According to Levinas, Western philosophy does the same thing when it encounters the Other. It makes sense of the Other in a way that turns it into the Same. It destroys the otherness of the Other by reducing it to the Same. When we describe the Other in words or abstractions, we turn it into something that we can grasp, understand, encapsulate in words, and remake it in our own image. We use the idiomatic phrase, “I get it!” or, “I’ve got it!” to describe the way we know the phenomenon we’ve encountered. We thus take possession of the Other, and it thus becomes part of us. We become masters of the Other, because the Other has surrendered to us and has lost its alterity. The word alterity means “the state of being other, or different.” “Percieved in this way,” said Levinas, “philosophy would be engaged in reducing to the Same all that is opposed to it as other.” In essence, the goal of Western philosophy is to turn that which is alien into that which is familiar. Levinas continued, “Western philosophy coincides with the unveiling of the other in which the Other … loses its alterity. Philosophy is afflicted, from its childhood, with an insurmountable allergy: a horror of the Other which remains Other.”

There are many experiences that are perfectly compatible with this way of knowing the world. For example, descriptions of how things fall, mathematical principles, even bacterial infections are encounters with the world that are not distorted when enframed into a Totality.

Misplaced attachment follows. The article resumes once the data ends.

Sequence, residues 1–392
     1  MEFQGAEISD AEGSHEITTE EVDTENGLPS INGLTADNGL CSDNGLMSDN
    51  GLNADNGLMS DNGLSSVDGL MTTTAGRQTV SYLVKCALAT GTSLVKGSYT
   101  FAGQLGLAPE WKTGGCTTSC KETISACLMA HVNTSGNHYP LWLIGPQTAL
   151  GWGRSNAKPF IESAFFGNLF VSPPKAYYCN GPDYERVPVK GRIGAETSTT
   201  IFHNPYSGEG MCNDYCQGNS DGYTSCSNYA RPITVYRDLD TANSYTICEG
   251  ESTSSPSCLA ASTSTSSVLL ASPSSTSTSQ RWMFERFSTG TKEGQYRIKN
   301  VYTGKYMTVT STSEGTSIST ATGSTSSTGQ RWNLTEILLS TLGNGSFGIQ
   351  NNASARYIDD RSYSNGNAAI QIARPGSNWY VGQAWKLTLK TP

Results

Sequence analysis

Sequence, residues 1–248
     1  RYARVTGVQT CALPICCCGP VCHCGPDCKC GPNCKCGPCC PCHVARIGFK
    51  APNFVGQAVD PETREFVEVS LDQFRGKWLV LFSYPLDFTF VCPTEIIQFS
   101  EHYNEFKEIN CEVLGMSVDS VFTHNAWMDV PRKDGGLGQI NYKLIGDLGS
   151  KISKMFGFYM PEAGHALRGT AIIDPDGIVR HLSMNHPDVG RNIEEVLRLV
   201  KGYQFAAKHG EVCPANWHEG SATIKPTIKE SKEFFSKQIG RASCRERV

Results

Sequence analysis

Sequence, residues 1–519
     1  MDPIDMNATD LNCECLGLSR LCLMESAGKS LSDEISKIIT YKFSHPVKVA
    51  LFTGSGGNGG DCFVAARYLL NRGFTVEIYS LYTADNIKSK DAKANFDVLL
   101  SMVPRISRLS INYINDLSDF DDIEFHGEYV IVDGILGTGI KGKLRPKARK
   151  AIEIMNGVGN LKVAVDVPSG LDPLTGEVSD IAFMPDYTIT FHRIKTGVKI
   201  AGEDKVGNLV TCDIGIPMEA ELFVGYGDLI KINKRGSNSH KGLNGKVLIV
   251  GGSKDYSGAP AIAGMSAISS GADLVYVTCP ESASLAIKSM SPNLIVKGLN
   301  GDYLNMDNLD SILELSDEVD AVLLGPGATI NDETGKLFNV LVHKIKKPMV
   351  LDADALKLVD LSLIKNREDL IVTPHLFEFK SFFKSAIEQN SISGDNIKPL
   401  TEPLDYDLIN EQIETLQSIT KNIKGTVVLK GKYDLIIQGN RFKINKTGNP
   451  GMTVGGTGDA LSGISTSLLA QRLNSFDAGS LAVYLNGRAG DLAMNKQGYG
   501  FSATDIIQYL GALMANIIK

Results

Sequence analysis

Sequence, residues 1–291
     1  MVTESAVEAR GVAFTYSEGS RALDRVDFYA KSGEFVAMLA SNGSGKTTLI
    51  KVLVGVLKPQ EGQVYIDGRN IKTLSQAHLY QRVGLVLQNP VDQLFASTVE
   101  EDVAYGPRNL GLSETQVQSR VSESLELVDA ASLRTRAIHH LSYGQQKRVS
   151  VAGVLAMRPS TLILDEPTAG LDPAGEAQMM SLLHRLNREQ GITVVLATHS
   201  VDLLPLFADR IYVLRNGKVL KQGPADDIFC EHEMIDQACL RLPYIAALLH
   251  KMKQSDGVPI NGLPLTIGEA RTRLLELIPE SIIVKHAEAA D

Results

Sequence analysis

Approaching the Other as the Infinite

However, there are many experiences where this process of subsuming the Other does distort the reality of the Other. For example, people are foremost and always an irreducible Other that must be approached differently. The second way Levinas said that we can know the world can be illustrated with another metaphor. Like the apple, when we drink from a spring, that which we drink becomes a part of us. But unlike the apple, we cannot drink all of the water that flows from the spring. Not only is there more to the phenomenon than we can consume, but there will always be more than we can consume, because it is an inexhaustible source. Thus, the Other is not something that we can encapsulate in words, take possession of, or make part of ourselves. There will always be something genuinely and irreducibly Other about it.

Levinas said, “The relation with infinity cannot, to be sure, be stated in terms of experience, for infinity overflows the thought that thinks it.” Let’s consider another example: when we think of the ocean, we have an idea what the ocean is and what it is like. However, there is always more about the ocean that we do not know. There will likely always be more in the ocean than what we know. Perhaps an even better metaphor is an idea of the cosmos: no matter what is contained in our idea, the reality of the cosmos is inexhaustible. It can never be fully encapsulated into words. The reality of the infinite will always be able to shatter whatever conceptions we make about it. We can never make the Infinite into a Totality. It can never be fully consumed, tamed, mastered, or made a part of us. In this mode of approaching the Other, we cannot make the Other into the Same. The Other is always in flux, because of its inexhaustible nature.